26. Helping faith along
When invested with concentration, many ordinary everyday activities have significant effects for better or worse. Already the merit of a good diet, regular exercise, sleep and other basics has been flagged. Because everyone has only a certain amount of time, undertakings subscribed to need to be prioritised. This might involve cutting out, or down on, some activities and beginning, or doing more of, others. Expectations of spouses, children, parents, bosses, teachers and others can pose the toughest pressures to deal with when making changes necessary to create the new preferred way of life. Whether any sacrifices, with possible related confrontations, are worthwhile is up to each person to judge for themselves – it just could, however, be what tips the scales in the direction of regaining a vital sense of self.
Though often taken for granted, the strange joyous release channeled through laughter is easy to induce by seeking out more material, like videos, books, and situations the individual finds funny, while avoiding the negative. Two very well-known accounts of healing by laughter come from doctors. Robin Williams starred as Patch Adams in a film telling the story of this doctor who doubles as a clown to deliver a type of healing he insists is as important as the medical kind. Norman Cousins wrote a book called Anatomy Of An Illness detailing a critical illness he argues was mainly cured by prodigious efforts he made to keep himself as amused as possible while undergoing medical treatment. It may seem like a tall order to be asked to laugh after going through a terrible time, but it’s worth trying when ready. Those who carry out demanding jobs often develop what’s been called gallows humour: making the best of a bad situation, empathising with the victim’s plight.
The act of laughing causes helpful biochemical reactions in the body and counterbalances depression, stress and helplessness – all aspects of trauma. The number and actions of helper-T and natural killer cells, and salivary immunoglobulin A (IgA) increase, while baseline adrenalin and serum cortisol levels, and the inflammation response, fall; all reassuring indications of a robust immune system. Humour can reverse feelings of loneliness, anger, anxiety and discomfort that inevitably show up during a stressful event, such as hospitalisation, job loss or divorce. When the mind perceives and processes humour it converts it into behaviour to cause a beneficial physiological reaction.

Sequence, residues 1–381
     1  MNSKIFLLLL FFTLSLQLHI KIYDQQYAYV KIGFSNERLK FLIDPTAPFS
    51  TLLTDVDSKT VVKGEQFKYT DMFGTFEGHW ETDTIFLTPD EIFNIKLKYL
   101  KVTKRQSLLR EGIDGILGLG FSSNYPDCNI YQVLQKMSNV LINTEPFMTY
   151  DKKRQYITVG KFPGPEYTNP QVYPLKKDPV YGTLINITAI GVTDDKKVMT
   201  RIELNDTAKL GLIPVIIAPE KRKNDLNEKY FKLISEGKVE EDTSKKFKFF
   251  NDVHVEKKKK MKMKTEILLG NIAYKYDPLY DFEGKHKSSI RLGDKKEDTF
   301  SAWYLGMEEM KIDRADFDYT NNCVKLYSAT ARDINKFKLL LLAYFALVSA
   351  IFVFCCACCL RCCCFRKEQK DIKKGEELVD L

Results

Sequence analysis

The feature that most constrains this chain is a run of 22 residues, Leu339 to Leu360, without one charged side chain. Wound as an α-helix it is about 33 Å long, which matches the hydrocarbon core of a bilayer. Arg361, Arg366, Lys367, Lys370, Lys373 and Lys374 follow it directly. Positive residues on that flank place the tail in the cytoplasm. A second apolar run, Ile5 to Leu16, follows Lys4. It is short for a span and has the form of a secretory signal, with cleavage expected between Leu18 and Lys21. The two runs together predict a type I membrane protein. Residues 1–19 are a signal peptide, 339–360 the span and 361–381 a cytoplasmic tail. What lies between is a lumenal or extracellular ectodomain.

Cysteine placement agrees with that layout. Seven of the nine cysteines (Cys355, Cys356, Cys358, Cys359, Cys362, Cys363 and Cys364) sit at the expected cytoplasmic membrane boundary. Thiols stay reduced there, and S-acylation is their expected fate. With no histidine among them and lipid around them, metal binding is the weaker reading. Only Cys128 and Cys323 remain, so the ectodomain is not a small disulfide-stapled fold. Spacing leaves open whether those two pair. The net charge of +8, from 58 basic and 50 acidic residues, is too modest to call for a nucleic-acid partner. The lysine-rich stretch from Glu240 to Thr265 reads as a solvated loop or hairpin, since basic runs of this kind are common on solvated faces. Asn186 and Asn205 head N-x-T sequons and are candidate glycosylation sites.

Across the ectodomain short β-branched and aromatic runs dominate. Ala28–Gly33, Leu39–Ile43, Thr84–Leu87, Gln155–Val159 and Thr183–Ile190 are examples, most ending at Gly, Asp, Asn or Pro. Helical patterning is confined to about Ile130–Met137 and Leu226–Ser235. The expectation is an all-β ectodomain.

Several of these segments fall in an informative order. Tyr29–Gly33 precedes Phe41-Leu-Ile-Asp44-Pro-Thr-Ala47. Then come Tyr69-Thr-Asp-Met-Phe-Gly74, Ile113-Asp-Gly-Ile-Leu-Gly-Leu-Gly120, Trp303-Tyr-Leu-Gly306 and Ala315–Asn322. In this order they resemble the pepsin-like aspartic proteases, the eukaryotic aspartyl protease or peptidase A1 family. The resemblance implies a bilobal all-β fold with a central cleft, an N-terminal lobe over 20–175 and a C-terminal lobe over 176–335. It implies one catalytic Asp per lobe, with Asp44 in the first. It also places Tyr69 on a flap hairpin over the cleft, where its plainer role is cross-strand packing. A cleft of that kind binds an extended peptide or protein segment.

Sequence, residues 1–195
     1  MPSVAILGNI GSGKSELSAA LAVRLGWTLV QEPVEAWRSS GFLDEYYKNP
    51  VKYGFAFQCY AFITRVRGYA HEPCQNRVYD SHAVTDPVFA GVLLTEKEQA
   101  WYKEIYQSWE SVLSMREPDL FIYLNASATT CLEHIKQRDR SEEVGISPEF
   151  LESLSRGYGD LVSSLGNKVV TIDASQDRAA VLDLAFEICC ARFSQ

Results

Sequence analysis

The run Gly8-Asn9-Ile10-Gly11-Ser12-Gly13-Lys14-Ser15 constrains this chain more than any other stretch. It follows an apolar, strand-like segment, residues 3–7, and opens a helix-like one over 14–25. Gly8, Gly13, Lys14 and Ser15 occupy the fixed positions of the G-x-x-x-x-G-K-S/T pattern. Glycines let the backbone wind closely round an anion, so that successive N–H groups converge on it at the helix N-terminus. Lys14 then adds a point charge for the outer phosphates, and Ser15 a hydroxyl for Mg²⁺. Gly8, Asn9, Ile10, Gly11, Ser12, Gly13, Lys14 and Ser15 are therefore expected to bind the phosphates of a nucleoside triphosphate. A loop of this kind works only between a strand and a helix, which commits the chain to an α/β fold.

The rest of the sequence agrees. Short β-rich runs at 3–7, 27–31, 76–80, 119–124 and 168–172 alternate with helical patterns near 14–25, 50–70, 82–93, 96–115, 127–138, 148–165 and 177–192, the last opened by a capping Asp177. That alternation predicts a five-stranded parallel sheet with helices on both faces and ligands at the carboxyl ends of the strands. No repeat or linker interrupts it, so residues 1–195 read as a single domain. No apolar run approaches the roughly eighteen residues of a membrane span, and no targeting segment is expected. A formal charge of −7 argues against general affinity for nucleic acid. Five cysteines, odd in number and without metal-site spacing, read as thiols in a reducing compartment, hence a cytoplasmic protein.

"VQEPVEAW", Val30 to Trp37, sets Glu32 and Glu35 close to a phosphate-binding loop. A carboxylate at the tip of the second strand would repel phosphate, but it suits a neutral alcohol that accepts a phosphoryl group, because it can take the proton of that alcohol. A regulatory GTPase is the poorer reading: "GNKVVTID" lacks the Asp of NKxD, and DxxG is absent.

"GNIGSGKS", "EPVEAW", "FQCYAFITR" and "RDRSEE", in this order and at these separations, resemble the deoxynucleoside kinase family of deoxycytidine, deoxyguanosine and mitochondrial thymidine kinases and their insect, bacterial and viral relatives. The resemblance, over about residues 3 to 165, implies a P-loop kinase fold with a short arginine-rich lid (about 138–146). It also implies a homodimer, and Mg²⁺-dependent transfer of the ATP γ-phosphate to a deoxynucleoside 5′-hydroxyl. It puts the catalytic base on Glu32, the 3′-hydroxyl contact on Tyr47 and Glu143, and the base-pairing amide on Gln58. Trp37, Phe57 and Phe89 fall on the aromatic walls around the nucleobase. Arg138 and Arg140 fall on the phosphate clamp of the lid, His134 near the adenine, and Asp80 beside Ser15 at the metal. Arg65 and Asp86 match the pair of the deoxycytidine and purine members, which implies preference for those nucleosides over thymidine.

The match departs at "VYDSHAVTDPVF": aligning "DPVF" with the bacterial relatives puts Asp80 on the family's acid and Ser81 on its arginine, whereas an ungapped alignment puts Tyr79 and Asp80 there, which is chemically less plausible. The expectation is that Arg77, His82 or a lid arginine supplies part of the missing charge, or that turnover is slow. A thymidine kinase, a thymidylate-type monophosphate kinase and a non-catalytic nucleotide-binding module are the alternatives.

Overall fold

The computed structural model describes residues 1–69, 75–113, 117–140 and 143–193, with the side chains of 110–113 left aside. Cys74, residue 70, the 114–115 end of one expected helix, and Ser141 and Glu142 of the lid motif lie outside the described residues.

Such a trivial gesture so easily under-estimated but packed with such nourishing power! Similar opportunities can be exploited once it is understood that having health is about doing healthy things. This is partly captured in the counter-intuitive idea of hormesis , which somewhat resembles homeopathy, concerning the odd beneficial effect of limited exposure to irritants in the environment.
It could be argued that journalling achieves this indirectly as people relive and confess experiences and thoughts on the page. The Pennebaker Process, named after Dr James Pennebaker, who studied how expressing feelings has a measurable boosting effect on immune function, has been widely studied and has yielded consistently impressive results. Writing a journal alters coping for the better with feelings of neutral acceptance gradually overtaking strong negative ones through insights gained in the process. Instructions entail writing, for twenty to thirty minutes on five consecutive days a week in a quiet place without interruptions, about significant lifetime events, especially secret ones, and related themes, distinguishing facts and emotions, then and now. Though people may actually feel worse at first, bad feelings usually dramatically lift after persevering for a bit.
Many other routine tasks can be adapted like this to advantage. Meditation pauses, communication refinements and others will be returned to later.